Life as opera: the intrigues and passions of a star soprano in 19th-century Paris.
She was the last surviving member of a Minnesota farm family swept away by fever; "Lilliet Berne" is a name she borrowed off a gravestone by the East River on her way to board a ship to Europe in search of her mother's people. That mission is eventually abandoned as her original identity is buried under a succession of new incarnations and schemes for survival. She becomes a circus equestrienne, a high-level courtesan, a maid to the empress of France, a spy, and, ultimately, a "Falcon," the rarest breed of soprano—but double dealings, false steps, and bad bargains mark the way. When she is at the pinnacle of her fame, a writer brings her a book he plans to transform into an opera, hoping she will create the central role in its premiere. Reading it, she realizes with horror that the main character is her and that whoever has written it knows all her secrets. To find out who that is, she unfurls the whole of her complicated history and its characters, among them a tenor who's obsessed with her, a comtesse who uses her, her one real friend, and her only love. The story goes through the Franco-Prussian War, the Paris Commune, and the Third Republic, with cameos by Verdi, Bizet, P.T. Barnum, George Sand, and others. If the plot of Chee's (Edinburgh, 2002) second novel is overly elaborate, the voice he has created for his female protagonist never falters. Always holding a few cards close to her chest, Lilliet Berne commands the power of "the ridiculous and beloved thief that is opera—the singer who sneaks into the palace of your heart and somehow enters singing aloud the secret hope or love or grief you hoped would always stay secret, disguised as melodrama; and you are so happy you have lived to see it done."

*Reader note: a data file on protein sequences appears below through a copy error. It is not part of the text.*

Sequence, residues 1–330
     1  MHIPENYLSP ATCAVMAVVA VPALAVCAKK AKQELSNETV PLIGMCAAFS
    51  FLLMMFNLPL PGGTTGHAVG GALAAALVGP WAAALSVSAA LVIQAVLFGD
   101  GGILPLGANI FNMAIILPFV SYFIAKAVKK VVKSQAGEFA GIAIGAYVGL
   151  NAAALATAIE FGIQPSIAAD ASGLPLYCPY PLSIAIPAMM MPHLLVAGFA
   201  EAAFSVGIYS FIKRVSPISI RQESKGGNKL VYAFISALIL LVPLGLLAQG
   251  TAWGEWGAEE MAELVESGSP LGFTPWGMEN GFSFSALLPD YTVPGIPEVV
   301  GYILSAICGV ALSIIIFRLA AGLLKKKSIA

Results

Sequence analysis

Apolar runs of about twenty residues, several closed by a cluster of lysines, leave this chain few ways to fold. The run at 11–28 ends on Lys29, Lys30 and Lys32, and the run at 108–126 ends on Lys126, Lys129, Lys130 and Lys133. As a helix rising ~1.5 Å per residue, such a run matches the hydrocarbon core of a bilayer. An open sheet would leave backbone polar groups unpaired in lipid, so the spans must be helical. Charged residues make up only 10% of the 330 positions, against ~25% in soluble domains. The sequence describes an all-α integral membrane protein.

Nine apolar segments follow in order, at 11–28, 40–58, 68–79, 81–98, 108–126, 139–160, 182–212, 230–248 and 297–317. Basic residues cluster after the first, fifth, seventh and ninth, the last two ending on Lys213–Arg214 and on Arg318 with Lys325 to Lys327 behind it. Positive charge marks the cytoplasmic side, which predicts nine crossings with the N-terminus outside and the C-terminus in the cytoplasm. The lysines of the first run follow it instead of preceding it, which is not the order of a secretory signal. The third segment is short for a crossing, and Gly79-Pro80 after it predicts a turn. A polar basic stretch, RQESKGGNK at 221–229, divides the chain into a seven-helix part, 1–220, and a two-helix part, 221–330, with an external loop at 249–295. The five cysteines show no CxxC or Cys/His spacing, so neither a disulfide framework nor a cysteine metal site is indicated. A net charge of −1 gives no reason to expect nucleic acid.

Richly researched, ornately plotted, this story demands, and repays, close attention.